Routine standard of care applies to both trial arms in all other aspects. Care providers may manage (including additional vaginal assessments or omitting oral misoprostol) during the 8-hour study period at their sole discretion based on perceived clinical need of the participants.
Participants in both groups are followed up 12 hours after commencement of labour induction and then again after delivery.
Primary outcome measure
1. Patient satisfaction with the birth process is evaluated using a 11-point visual numerical rating score (VNRS) self-marked by participants before discharge from hospitalisation for delivery
2. Induction to vaginal delivery interval is measured using recorded start of induction to recorded time of vaginal birth in her medical records
3. Vaginal delivery rate in 24 hours is derived from dichotomization of induction to vaginal delivery data
Secondary outcome measures
1. Patient satisfaction with the induction process is measured using a 11-point visual numerical rating score (VNRS) self-marked by participants at 12 hours after the start of labour induction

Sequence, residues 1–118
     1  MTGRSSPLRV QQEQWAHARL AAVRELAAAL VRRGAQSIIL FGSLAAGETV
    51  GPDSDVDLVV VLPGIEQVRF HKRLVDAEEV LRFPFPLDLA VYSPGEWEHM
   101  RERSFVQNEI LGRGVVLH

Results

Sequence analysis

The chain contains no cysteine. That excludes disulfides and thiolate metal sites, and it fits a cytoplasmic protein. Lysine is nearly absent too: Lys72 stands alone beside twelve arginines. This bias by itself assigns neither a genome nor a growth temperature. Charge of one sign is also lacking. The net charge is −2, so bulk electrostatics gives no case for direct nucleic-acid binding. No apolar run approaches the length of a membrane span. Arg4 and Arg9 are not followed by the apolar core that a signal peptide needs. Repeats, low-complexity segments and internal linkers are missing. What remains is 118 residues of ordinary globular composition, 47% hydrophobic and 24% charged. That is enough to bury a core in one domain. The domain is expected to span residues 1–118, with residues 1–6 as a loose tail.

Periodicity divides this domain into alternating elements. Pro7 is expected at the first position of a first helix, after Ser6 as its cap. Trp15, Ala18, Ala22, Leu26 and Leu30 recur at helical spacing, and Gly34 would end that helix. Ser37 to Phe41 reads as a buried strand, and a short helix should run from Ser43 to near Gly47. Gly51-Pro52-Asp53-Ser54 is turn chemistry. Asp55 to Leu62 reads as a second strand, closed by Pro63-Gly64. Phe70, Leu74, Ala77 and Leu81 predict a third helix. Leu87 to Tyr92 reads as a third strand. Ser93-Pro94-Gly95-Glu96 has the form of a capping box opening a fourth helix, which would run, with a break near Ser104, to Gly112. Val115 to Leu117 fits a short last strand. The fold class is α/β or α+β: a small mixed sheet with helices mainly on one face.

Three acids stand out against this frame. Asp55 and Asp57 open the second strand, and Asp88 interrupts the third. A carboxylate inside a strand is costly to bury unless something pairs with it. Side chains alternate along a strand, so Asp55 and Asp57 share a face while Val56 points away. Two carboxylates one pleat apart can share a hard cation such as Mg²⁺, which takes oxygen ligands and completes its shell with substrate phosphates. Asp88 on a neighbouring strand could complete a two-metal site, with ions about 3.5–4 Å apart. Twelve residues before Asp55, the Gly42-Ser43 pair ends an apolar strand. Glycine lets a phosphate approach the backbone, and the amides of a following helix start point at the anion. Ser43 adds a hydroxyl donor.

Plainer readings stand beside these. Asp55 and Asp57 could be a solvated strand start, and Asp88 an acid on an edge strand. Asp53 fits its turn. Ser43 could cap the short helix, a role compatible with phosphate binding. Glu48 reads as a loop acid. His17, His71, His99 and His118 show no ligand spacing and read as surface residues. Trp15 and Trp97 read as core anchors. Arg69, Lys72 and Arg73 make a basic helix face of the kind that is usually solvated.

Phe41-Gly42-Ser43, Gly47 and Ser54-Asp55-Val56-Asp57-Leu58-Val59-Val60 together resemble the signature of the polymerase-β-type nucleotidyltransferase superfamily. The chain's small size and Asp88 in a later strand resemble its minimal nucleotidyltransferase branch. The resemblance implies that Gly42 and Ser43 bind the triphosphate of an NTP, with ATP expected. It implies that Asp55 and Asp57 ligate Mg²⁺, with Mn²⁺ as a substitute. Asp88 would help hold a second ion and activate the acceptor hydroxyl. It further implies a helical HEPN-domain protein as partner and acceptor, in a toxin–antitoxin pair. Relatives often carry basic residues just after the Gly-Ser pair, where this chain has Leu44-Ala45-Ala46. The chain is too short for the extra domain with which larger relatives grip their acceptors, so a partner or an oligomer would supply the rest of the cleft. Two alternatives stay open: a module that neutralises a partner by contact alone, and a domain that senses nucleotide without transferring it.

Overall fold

2. Patient preference on the vaginal assessment regime in a future labour induction is measured using Likert scale responses to a statement at 12 hours and before discharge from hospitalisation for delivery
3. Total numbers of vaginal examination in first 12 hours of labour induction is measured by abstracting from medical records after delivery
4. Total oral misoprostol doses used during birth process is measured by abstracting from medical records after delivery
5. Other modes (other prostaglandins, route, balloon) used for labour induction is measured by abstracting from medical records after delivery
6. Oxytocin use in labour is measured by abstracting from medical records after delivery